|From the Ottawa Journal Friday 30 May 1969|
By MIKE SYKES MORRISBURG (Special) . CNR officials estimate it wilt take at least 48 hours to clear the main Montreal-Toronto line of wreckage after a freight train was derailed half a mile east of here Thursday..
No one was injured.
Thirty cars, 25 of them loaded were derailed.
Officials at the scene said it was difficult to count the number of wrecked cars; many were little more than twisted wrecks piled one on top of the other.
A CNR official said the train was a through freight which averages 50 to 60 mites per hour.
One car stood on its end, supported by the press of a half dozen others. A few were sliced open as if by a giant can opener. Contents were spilled along the twisted steel rails.
The cause of the derailment is still unknown. But CNR workmen at the scene thought it might have been "a hotbox" a seized wheel bearing.
A mobile crane from Montreal and another from Belleville are picking at the wreckage, one from each end to clear the road so new tracks can be laid.
CNR officials in Cornwall said all trains are being rerouted through Smiths Falls until service on the main line is restored. No official damage estimate has been disclosed as yet.
Ottawa Citizen 30 May 1969
Lost wheel piles up $500,000 derailment
MORRISBURG (Staff) A locked wheel forced free by friction is believed to have caused the derailment of a 107-car freight train one mile north of here Thursday at 1 p.m.
Damage has been estimated as high as $500,000 in the accident which stacked 34 cars like cordwood along the Canadian National Railways track.
Preliminary investigation indicates a wheel may have become locked and flew off as friction built up.
The driving rod attached to the wheels then dropped between the tracks, digging a deep furrow for four or five miles.
Two rail lies caught fire from the friction.
The jack-knifing effect of the accident overturned, crushed, and tore open many of the boxcars of the westbound train travelling from Montreal through Toronto to Chicago.
Early this morning, 13 cars had been cleared from the eastbound track by cranes brought in from Belleville. Nine boxcars remain, blocking both lines.
CNR officials were hopeful the lines will be cleared by 6 p.m. today.
Train engineer Wilfred Kelly, 51, of Brockville, said he has no idea what might have caused the derailment
"'The Wreck occurred 52 cars behind the engine," he said. "With all the noise an engine makes, we were half a mile away before someone told us to look back. All we could see was clouds of dust and a vague mass of wreckage."
Also in the engine were fireman Robert K. Gifford, of Brockville, and brakeman Bert Watson of MontreaL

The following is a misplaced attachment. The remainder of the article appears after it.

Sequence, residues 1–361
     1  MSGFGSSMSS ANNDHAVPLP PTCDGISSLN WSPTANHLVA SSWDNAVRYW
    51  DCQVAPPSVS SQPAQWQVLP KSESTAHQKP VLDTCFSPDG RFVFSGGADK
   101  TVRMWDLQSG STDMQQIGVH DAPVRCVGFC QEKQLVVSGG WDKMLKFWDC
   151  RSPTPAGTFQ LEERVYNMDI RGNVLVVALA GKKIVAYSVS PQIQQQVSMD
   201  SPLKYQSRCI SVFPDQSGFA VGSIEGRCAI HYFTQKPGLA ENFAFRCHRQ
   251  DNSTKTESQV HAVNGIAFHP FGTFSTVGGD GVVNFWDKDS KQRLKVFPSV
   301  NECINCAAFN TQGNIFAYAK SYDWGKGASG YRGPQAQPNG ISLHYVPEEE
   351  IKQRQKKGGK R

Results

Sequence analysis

The boxcars that were damaged were located in the middle of the mile-long train, with both ends remaining on the track.
The mishap occurred during clear, sunny weather, about two hours before a heavy thunderstorm broke out.
Heavy metal wheels were thrown 35 feet into ditches and about 300 yards of track were twisted and torn.
Thousands of popsicle sticks were strewn about the area as well as lumber, newsprint and cement.
CNR police kept curious spectators well back as some of the wreckage was precariously balanced on the built-up section along the track.
The thunderstorms, which hampered clean-up operations, gave rise to fears that the gravel would slide and upset the debris.
All scheduled trains along the two-track line have been rerouted through Smiths Falls.
Officials from the Canadian Transport Commission and CNR are conducting the investigation into the cause of the derailment
here were no injuries reported in the accident which occurred along a straight section of track which slices through a heavily-wooded area.
Ottawa Citizen 31 May 1969
tracks cleared after 36 hours
MORRISBURG (Staff) After almost 36 hours non-stop work, the east-bound railway tracks clogged by a $500,000, 34-car derailment near here Thursday have reopened to traffic.
The last mangled boxcar was lifted and the torn-up rails beneath replaced by about 1 a.m. today. Two 250-ton cranes and about 50 men have been working around the clock since the 1 p.m. crash of the 107-car freight train bound from Montreal to Chicago.
It will be noon Sunday before the adjacent tracks for westbound trains will be replaced, said John Tait, assistant superintendent for the Rideau area of the Canadian National Railways system.
Cause of the accident, in which none of the crew was injured, is unknown but a locked wheel forced free by friction is a possibility, say officials.
The 34 cars located in the centre of the mile-long train derailed lay like piled cordvvood along the tracks about one mile north of Morrisburg. At least 300 feet of rails and ties had to be replaced.
The freight train's cargo newsprint, lumber, cement and thousands of popsicle sticks spewed over both lines. Heavy rain turned the spilled cargo into a sticky sludge that later hardened.
"It's going to be about two weeks before that section of track is back to normal," said Mr. Tait. "There will be a 10 m.p.h. speed limit until that time."
Canadian Transport Commission and CNR officials are continuing an investigation into the wreck.
From the Ottawa Journal Monday 2 June 1969
Eastbound CN Line in Service At Morrisburg
MORRISBURG, Ont (CP) Service on the eastbound CNR line was restored Saturday in this community 20 miles west of Cornwall.
A 23-car freight derailment Thursday on the westbound track blocked both lines.
A CNR spokesman said service on the westbound line is not expected to be restored until sometime this week.